In her Opening Brief, Appellant explains that her appeal was untimely because, "[d]uring the determination process, [she] moved [her] residence and was experiencing trouble with the Middletown Post Office with [her] address change."[28] As a result, Appellant "did not receive the unemployment denial via U.S. Mail."[29] She asserts that, when she visited the Department on September 24, 2013, an employee informed her that she could file a late appeal.[30] Employer argues that the Court should not consider Appellant's Opening Brief because it was filed eleven days after the deadline set forth in the Court's briefing schedule. Employer also argues that the Board's finding that Appellant's appeal was untimely was supported by substantial evidence. Employer contends that, if Appellant was aware that she was experiencing trouble with her mail, she was required to notify the Department of Labor.[31]

The Court agrees with Employer's argument that Appellant's Opening Brief was untimely and that Appellant, even as a pro se litigant, was bound by Del. Super. Ct. 107(c), which precludes parties from extending the deadlines for briefs without a court order.[32] Appellant asserts that her brief was not filed because she was unable to reach case manager via telephone in order to request a continuance prior to the deadline. The Court notes that Rule 107(f) provides that, "[u]pon the showing of good cause in writing, the Court may permit late filing of any of the aforesaid papers and pursuant to a written rule or order."[33] Appellant has not claimed that she submitted any writing requesting a time extension. Therefore, the Court has discretion to refuse to consider Appellant's Opening Brief.[34]Nevertheless, the Court will consider the Opening Brief in this appeal because Appellant has asserted the same grounds for her untimely filing in her Opening Brief as she asserted before the Referee. Consequently, the Court finds that the outcome will be the same with or without the Court's consideration of the brief.

Based on the Court's review of the record, Appellant's appeal must fail because the Board's decision was supported by substantial evidence, free from legal error, and was not the result of an abuse of discretion. 19 Del. C. § 3318(b) states:

Unless a claimant or a last employer who has submitted a timely and completed separation notice in accordance with § 3317 of this title files an appeal within 10 calendar days after such Claims Deputy's determination was mailed to the last known addresses of the claimant and the last employer, the Claims Deputy's determination shall be final…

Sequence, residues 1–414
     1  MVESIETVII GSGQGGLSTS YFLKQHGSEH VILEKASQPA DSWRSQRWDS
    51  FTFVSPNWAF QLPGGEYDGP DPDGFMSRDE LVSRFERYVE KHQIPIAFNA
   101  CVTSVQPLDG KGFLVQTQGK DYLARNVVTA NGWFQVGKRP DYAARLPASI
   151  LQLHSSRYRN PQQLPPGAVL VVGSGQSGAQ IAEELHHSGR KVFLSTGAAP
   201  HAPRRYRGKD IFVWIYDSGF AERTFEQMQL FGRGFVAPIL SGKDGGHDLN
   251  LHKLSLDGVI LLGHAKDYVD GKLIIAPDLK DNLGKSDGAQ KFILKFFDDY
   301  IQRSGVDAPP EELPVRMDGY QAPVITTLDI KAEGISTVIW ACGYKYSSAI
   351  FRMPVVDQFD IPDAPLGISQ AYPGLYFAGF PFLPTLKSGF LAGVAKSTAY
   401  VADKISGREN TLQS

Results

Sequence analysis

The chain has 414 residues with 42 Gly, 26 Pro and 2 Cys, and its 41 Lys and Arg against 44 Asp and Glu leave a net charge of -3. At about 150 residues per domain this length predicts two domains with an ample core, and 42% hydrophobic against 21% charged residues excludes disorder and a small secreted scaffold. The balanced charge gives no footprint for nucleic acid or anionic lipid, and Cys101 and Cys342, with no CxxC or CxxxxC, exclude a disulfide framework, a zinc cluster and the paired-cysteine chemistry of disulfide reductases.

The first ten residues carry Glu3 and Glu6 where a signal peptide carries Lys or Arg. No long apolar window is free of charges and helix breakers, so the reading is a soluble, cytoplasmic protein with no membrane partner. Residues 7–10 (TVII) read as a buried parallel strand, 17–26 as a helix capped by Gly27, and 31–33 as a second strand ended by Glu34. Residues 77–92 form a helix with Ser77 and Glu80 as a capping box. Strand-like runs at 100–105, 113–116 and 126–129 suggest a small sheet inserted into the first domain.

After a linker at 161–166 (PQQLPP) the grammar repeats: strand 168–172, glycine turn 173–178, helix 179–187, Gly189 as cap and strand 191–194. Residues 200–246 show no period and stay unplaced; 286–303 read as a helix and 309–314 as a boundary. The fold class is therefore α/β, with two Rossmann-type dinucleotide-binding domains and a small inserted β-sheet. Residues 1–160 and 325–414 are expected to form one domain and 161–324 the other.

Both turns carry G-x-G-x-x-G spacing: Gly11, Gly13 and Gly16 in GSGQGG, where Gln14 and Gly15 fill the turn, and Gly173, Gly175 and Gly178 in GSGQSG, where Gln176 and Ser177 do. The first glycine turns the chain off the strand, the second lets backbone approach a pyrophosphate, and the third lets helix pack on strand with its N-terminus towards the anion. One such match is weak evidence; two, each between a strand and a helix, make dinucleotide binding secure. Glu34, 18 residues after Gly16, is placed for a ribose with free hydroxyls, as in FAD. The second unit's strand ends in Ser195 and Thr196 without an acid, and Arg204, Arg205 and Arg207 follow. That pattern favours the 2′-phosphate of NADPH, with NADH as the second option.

The above ten-day window to file an appeal of a Claims Deputy's decision is "is an express statutory condition of jurisdiction that is both mandatory and dispositive."[35] If the failure to file an appeal was not due to an administrative error by the Department of Labor, "the Claims Deputy's determination will become final and § 3318(b) will jurisdictionally bar the claim from further appeal.[36] Although the Board does have discretion under 19 Del. C. § 3320 to review an untimely appeal, the Board typically exercises that discretion using much "caution" and only under "severe" circumstances.[37]

Substantial evidence in the record exists to support the Board's finding that Appellant's appeal of the Claims Deputy's decision was untimely. Appellant does not dispute that she filed her appeal one day too late. Instead, Appellant asserts that she did not timely file her appeal because she did not receive the decision until she obtained a copy in person on September 24, 2013. Appellant contends that she did not receive the decision because she had just recently changed her address during the time of the determination and was having trouble with her mail. Unfortunately, the record is void of any evidence substantiating Appellant's mere assertion that she did not receive the mail. A mere denial of receipt is insufficient to defeat the presumption in Delaware that "mailed matter, correctly addressed, stamped and mailed, was received by the party to whom it was addressed."[38] The Claims Deputy certified that the determination was sent first class mail to Appellant's address. Appellant did not submit any evidence to show that she had recently changed her address or that she made any attempts to inform the Department of Labor of the possibility that she may have trouble receiving mail. Appellant has not claimed that an administrative error by the Department caused her appeal to be untimely. Moreover, there are no unique circumstances in this case to suggest that the Board should have exercised its discretion to review the untimely appeal. Therefore, the Court finds that the Board did not commit an abuse of discretion.


For the foregoing reasons, the decision of the Board is AFFIRMED.